Quick! Close your eyes and picture a Jew.
For close to 100% of us, the mental image we have will be of a Jewish man. This despite the dramatic historical advances Jewish women have made in Jewish education, community service and other roles outside the home in the past 100 years.
Back in the Old Country, when I had both discretionary income and wall space, I collected images of Jewish women doing Jewish things. It was an interesting hobby. I was able to afford to buy almost everything I saw, because the artwork was so rare. At the height of my collection, I had maybe a dozen pieces. They included women baking challah, an old woman with a heavily-lined face, deep in private prayer, women lighting Shabbat candles (the most iconic image of Jewish women) and an unusual painting of a woman, her young son and teenage daughter making havdalah.
I should have held on to more of them, because, if the current trend continues, it may become a crime to produce such works.
There is a trend, certainly in Israel, and possibly in other Jewish communities as well, to eradicate the presence of women, or images of women, from the public eye.
ITEM: Mea She'arim to ban women from certain Jerusalem streets during Sukkot
Out of a self-proclaimed desire to avoid mingling of the genders during public ceremonies related to Sukkot, the men of Mea She'arim have declared that certain streets in their neighborhood, most notably the main drag of Mea She'arim Street, will be off-limits to women. Though blatantly illegal, Shmuel Poppenheim, an unofficial spokesman for the community recently told the Jerusalem Post, "It's not an extreme measure, it's a moderate way of ensuring that the spiritual nature of the Simhat Bet Hashoeva is maintained. There is no need to make a big drama out of it."
ITEM: Last year, a mechitzah was constructed in a public street in Jerusalem to prevent men and women from walking near one another on public streets.
ITEM: The Jerusalem Light Rail produced print ads for certain neighborhoods that explicitly eliminated any images of women.
The Jerusalem Light Rail was trying to be sensitive to the values in certain neighborhoods which prohibit any images of women in ads and other printed materials, so they replaced the image of two women's faces in their safety ads with an image of two men's faces.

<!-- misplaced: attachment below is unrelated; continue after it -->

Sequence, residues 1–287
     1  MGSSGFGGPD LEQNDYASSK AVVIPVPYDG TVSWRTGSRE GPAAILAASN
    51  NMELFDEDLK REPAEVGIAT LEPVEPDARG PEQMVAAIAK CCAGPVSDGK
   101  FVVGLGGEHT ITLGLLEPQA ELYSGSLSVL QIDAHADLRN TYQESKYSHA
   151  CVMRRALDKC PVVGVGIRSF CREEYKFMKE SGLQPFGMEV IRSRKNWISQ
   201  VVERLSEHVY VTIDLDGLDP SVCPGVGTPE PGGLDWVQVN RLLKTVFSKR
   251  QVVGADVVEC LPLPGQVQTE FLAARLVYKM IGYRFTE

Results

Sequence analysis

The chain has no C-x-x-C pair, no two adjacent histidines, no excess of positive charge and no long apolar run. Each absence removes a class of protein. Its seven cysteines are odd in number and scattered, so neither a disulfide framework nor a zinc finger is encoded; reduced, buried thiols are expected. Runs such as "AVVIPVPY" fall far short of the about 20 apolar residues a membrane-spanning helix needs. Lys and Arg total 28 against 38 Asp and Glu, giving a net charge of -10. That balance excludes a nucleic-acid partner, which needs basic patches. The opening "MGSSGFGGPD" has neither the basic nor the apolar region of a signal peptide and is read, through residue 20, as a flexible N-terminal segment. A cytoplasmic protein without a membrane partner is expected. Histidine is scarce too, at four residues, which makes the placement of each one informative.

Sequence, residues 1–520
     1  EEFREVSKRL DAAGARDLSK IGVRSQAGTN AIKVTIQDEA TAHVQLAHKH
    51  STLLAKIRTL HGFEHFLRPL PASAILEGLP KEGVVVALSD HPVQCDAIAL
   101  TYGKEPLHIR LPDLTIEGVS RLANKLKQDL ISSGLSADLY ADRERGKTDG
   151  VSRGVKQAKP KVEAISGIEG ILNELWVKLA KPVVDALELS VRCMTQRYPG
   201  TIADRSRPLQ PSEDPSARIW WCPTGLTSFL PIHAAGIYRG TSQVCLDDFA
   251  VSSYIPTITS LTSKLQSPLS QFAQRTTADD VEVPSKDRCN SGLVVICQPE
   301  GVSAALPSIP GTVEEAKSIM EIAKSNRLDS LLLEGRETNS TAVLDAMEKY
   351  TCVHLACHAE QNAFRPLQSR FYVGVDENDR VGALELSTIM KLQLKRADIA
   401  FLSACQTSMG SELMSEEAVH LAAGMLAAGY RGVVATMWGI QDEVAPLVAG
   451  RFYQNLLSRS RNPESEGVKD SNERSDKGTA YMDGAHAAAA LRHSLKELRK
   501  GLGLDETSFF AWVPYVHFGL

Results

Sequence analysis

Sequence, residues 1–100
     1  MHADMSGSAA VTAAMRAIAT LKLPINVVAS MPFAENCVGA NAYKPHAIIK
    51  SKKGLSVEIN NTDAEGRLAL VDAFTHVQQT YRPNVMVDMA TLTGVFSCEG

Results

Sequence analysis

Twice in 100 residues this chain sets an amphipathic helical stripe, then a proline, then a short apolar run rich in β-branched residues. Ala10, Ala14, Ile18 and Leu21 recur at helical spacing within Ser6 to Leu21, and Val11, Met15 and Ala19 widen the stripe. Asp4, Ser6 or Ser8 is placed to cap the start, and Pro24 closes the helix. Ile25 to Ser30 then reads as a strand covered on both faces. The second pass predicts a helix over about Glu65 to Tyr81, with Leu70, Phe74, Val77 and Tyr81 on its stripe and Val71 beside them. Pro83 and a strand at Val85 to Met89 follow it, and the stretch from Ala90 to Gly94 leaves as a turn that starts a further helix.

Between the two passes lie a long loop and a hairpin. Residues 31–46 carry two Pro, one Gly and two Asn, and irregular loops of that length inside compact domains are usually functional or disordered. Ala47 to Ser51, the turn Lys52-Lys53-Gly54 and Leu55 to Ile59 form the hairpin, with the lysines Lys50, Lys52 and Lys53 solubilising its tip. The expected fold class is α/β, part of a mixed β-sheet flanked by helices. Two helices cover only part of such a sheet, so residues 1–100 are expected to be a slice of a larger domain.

ITEM: A major Jewish book publisher had their graphic design team airbrush all the faces of women in their book catalog before it could be inserted in certain Jewish newspapers.
ITEM: Certain Jewish publications, as a matter of editorial policy, will not publish pictures of women, even to the point of digitally-editing news photos.
ITEM: I recently read an ad for a publication looking for a writer which explicitly said that a woman could write the article, but it had to be published in her husband's name.
ITEM: The issue of Israeli buses which require women to sit in the back of the bus rages on in the courts.
ITEM: Video and print images of Jews in Israel invariably include exclusively, or at least in the greatest preponderance, images of men - men at the Kotel, men building sukkot, men examining lulavim in the marketplace, men dancing in the streets, men lighting Chanukiot, male soliders, etc.
Of course I recognize that these things men do are captivating, iconic Jewish images. And yes, I am aware that some women would rather not be pictured, out of a sense of maintaining their own privacy or for fear that men might have a sexually inappropriate reaction to their image.
However, what I see on a regular basis convinces me that this has all gone way beyond reasonable and proceeded deep into extremism. I am a religious woman who dresses modestly and covers my hair AND it is my strong personal feeling that this trend of making Jewish women invisible has already reached a stage of pathological avoidance.
There is no way I will ever agree that this sort of behavior brings kedusha. One simply cannot attain holiness at the expense of kavod habriot (the requirement to treat all human beings with dignity).